These are twin concerns. How exactly does Dickinson use religion? How does she do justice to a brutal, nearly inconceivable situation? I find an indirect answer not in the religious imagery, but the vagueness of "Nature." "Her Message is committed / To Hands I cannot see" acquires a crucial place in this reading.
To be sure, "Nature" is primarily about Dickinson herself. It spoke to her, giving her News. Something that few, if any, have realized or acted upon. It not only sets her against her age, but it speaks access to another realm entirely. One in which reason guides more than tradition, the passions are different, and greater truths can be had. This is not as corny, remote, or idealistic as one might think. I, like a lot of you, have stocked shelves while wondering about the existential possibilities of Descartes' cogito or whether Ancient Greek ideas about law can be applied to our estimate of politics today. Again, a lot of us do this, and what a difference between this and complete absorption in the Fox News Extended Universe.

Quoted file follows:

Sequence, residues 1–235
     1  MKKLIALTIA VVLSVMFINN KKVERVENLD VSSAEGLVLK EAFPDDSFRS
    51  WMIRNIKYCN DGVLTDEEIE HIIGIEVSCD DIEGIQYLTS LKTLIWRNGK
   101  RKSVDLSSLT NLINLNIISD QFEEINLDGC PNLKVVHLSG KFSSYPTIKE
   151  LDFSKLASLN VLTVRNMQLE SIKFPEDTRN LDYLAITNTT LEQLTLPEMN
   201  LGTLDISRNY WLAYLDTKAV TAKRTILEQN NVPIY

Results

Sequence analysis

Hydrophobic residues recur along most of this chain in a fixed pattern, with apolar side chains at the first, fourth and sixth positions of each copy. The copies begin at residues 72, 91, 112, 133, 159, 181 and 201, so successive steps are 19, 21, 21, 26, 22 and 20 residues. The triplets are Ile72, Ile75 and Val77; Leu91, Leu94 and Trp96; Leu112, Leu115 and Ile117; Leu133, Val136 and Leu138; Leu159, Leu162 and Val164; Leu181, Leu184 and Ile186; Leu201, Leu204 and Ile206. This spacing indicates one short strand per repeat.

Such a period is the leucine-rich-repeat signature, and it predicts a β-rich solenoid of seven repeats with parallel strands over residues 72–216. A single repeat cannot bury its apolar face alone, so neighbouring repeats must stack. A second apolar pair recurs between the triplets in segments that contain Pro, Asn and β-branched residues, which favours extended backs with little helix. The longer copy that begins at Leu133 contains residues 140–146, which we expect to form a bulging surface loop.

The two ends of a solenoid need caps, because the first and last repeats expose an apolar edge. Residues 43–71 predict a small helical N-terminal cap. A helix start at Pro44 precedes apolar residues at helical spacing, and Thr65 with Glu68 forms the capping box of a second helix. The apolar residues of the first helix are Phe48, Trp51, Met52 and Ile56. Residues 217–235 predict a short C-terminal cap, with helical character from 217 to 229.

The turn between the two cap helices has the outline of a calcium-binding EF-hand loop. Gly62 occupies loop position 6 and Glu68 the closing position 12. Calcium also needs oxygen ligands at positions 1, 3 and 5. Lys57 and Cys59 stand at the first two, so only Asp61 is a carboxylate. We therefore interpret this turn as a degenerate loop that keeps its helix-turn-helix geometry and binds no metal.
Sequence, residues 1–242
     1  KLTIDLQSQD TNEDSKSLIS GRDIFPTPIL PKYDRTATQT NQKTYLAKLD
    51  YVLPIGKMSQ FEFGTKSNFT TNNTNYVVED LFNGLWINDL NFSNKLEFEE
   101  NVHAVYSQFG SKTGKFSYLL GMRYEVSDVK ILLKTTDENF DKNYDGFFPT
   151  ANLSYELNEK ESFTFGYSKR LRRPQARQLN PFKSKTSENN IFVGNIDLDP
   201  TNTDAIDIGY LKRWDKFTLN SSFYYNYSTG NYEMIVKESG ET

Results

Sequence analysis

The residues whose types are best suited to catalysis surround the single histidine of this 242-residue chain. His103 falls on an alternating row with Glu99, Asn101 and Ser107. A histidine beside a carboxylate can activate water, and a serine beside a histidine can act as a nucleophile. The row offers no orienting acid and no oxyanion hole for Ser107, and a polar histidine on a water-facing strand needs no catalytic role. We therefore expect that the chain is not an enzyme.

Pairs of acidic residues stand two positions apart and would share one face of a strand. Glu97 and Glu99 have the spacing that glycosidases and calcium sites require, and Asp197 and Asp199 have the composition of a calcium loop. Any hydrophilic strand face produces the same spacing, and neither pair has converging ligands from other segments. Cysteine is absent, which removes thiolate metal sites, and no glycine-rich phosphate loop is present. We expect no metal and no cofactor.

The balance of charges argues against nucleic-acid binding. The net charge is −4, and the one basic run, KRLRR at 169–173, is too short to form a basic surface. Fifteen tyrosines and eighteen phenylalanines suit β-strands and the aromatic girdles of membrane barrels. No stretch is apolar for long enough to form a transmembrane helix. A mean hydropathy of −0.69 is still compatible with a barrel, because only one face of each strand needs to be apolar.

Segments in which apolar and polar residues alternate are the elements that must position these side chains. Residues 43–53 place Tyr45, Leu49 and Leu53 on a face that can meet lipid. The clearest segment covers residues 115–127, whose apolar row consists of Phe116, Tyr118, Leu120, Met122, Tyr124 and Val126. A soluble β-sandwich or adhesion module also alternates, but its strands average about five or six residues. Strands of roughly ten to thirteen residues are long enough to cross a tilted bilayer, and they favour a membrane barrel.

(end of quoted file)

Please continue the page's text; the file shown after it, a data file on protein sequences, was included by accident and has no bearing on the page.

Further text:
But "Nature" isn't just knowledge. It's knowledge that speaks to possibilities. This is made abundantly clear in "Her Message is committed / To Hands I cannot see." I think about Helen Vendler, one of the greatest literary critics of this time. A veritable titan who has trained generations of literary scholars and has influenced a number of curricula, if not the curriculum, for generations to come. I don't know that someone can have that degree of success and be fully sensitive to what Dickinson is going through in these lines. They feel for me like the lines where one breaks down. I consider it a big success on Twitter if I get a few likes and retweets and someone says they like what I wrote. What if I didn't even have that? What if I felt I had to hide, that I would be more useful if I were gone? If Dickinson is writing these lines with the feeling I imagine, what a trust in possibility. And what a sad, cruel world.
Is the world redeemable? That's really the question Dickinson is getting at in this letter. It's not the "new commandment" that matters as much as the fact it was never obvious in the first place.
Vendler, Helen. Dickinson: Selected Poems and Commentaries. Cambridge: Harvard, 2010. 237-38.